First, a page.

If IM(+) and IM(-) become closer in magnitude as the load decreases, the transformer’s efficiency drops, and the losses increase since the contribution of the circulating energy is greater.
A silicon-based ACF with its highly-nonlinear COSS has a larger IM(-), especially at high input voltage VBULK. At light load, the impact becomes more significant, and the efficiency deteriorates very quickly. The measurement result in Figure 9 shows that the efficiency difference between 50% load and 25% can be as high as 7.3%.
9. The efficiency of an ACF with a silicon FET degrades more under light loads than a GaN-based design. (Source: TI: “Comparison of GaN- and Silicon FET-Based Active Clamp Flyback Converters” PDF, p. 11)
In comparison, a GaN’s lower COSS results in a relatively lower IM(-). Its impact is smaller under light loads, though, with only a 2.6% difference in efficiency between 50% load and 25% load.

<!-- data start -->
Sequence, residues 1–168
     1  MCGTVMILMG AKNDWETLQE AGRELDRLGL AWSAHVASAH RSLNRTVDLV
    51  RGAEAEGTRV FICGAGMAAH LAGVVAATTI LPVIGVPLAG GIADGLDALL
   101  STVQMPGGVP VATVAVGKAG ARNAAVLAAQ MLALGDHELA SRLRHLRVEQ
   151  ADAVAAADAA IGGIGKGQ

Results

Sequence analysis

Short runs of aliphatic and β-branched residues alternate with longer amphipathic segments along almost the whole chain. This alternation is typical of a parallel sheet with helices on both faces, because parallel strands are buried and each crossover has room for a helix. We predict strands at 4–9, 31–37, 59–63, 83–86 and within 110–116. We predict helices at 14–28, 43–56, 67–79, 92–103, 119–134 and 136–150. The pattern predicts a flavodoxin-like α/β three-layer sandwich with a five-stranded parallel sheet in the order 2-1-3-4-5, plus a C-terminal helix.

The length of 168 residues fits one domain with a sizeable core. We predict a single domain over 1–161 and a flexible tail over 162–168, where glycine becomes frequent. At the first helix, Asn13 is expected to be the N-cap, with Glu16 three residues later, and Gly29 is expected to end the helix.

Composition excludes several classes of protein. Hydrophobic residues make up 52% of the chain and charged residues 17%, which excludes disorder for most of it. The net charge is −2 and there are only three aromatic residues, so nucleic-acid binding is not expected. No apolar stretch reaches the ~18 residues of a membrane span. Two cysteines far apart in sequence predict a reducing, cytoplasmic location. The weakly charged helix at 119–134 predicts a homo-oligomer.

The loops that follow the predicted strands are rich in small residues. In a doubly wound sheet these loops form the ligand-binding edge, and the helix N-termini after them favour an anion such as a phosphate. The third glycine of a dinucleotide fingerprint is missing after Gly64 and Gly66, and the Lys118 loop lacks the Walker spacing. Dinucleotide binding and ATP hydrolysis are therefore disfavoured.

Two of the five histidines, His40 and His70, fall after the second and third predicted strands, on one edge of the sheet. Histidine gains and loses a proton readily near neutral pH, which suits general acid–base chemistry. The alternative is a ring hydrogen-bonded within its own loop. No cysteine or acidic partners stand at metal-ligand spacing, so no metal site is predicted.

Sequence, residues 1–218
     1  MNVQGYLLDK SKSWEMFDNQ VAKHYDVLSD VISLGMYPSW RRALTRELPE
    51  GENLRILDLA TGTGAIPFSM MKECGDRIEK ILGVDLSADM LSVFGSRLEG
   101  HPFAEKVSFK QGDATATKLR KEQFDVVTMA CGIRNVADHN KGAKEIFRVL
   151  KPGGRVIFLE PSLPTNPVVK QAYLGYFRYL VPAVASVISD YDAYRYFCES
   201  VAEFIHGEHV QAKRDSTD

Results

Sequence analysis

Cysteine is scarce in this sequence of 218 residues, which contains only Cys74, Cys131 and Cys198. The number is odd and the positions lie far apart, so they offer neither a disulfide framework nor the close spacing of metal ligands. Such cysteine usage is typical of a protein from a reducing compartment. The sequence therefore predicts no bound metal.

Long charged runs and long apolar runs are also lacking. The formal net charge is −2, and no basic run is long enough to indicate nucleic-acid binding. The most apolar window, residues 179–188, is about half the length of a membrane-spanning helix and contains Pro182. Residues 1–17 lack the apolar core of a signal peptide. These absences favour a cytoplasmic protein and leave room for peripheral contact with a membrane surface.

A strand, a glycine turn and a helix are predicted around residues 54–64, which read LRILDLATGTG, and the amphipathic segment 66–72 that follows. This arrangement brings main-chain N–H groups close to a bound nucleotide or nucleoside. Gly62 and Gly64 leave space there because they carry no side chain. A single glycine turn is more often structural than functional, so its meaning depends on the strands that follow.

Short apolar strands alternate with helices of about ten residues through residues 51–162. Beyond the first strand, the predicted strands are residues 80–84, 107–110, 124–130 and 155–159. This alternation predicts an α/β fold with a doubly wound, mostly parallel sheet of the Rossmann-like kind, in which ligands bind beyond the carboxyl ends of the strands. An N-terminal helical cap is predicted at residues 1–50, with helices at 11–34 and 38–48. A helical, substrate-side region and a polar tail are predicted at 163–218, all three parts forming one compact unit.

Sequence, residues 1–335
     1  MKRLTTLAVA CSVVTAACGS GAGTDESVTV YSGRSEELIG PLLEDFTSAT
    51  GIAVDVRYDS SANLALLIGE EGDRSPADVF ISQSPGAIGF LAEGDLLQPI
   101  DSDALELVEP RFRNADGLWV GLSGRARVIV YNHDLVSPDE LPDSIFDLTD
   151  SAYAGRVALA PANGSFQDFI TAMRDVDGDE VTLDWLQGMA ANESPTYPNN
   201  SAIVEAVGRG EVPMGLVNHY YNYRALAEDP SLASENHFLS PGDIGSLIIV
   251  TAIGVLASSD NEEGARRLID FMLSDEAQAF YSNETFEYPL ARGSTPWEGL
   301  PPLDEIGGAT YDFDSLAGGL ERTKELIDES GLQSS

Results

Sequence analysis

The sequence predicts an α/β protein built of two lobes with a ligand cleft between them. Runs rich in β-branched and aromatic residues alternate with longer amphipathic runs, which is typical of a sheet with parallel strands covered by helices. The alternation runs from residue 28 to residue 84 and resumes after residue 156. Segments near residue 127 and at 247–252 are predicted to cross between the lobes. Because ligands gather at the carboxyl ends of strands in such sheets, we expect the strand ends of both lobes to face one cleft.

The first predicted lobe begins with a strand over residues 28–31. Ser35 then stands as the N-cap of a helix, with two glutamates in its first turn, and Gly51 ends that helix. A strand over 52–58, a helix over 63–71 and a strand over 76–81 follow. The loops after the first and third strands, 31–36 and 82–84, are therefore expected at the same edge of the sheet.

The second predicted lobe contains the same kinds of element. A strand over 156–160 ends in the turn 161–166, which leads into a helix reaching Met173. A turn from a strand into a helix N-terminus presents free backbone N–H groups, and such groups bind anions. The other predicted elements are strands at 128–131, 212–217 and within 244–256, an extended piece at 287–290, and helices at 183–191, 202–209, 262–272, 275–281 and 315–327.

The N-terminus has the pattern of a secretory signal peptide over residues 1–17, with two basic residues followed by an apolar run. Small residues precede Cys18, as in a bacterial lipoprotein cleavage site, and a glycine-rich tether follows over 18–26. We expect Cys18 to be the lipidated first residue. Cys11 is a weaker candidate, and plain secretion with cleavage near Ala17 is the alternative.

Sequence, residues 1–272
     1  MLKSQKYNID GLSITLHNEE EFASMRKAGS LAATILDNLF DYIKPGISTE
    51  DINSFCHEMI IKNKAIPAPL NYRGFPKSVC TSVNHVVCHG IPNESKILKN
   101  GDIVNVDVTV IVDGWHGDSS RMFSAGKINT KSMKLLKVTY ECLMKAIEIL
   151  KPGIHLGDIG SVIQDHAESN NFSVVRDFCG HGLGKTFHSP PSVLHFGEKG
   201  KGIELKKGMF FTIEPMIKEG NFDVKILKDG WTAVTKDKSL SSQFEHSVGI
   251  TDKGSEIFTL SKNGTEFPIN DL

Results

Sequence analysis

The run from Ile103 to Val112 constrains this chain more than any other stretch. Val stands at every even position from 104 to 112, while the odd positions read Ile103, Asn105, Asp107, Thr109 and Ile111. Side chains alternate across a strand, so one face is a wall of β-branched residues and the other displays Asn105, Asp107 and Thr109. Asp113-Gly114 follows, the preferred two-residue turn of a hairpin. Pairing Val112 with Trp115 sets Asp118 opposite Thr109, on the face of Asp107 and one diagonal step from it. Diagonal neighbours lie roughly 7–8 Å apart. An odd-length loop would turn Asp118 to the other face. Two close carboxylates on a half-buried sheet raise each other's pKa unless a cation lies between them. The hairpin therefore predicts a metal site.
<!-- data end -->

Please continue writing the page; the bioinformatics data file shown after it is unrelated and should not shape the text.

Driving the GaN: The Other Piece of the Puzzle
The GaN transistor provides significant performance improvements to the ACF and other power designs, but it presents challenges for the driver circuit. Designers can’t just swap in a GaN device for its Si counterpart. For one thing, traditional GaN FETs are depletion-mode (normally-on), whereas Si MOSFETs are normally-off enhancement-mode devices.
To provide drop-in replacements for Si MOSFETs, GaN FET switch suppliers must use another switch in series to provide the required normally-off functionality. A typical solution pairs a depletion-mode GaN with a silicon driver in a cascode configuration.
An alternative approach is to redesign the device as normally-off enhancement mode. Enhancement-mode devices have other issues, such as different driver requirements than an equivalent silicon device. For example, the maximum allowable VGS for an enhanced GaN FET is 6 V—lower than for silicon.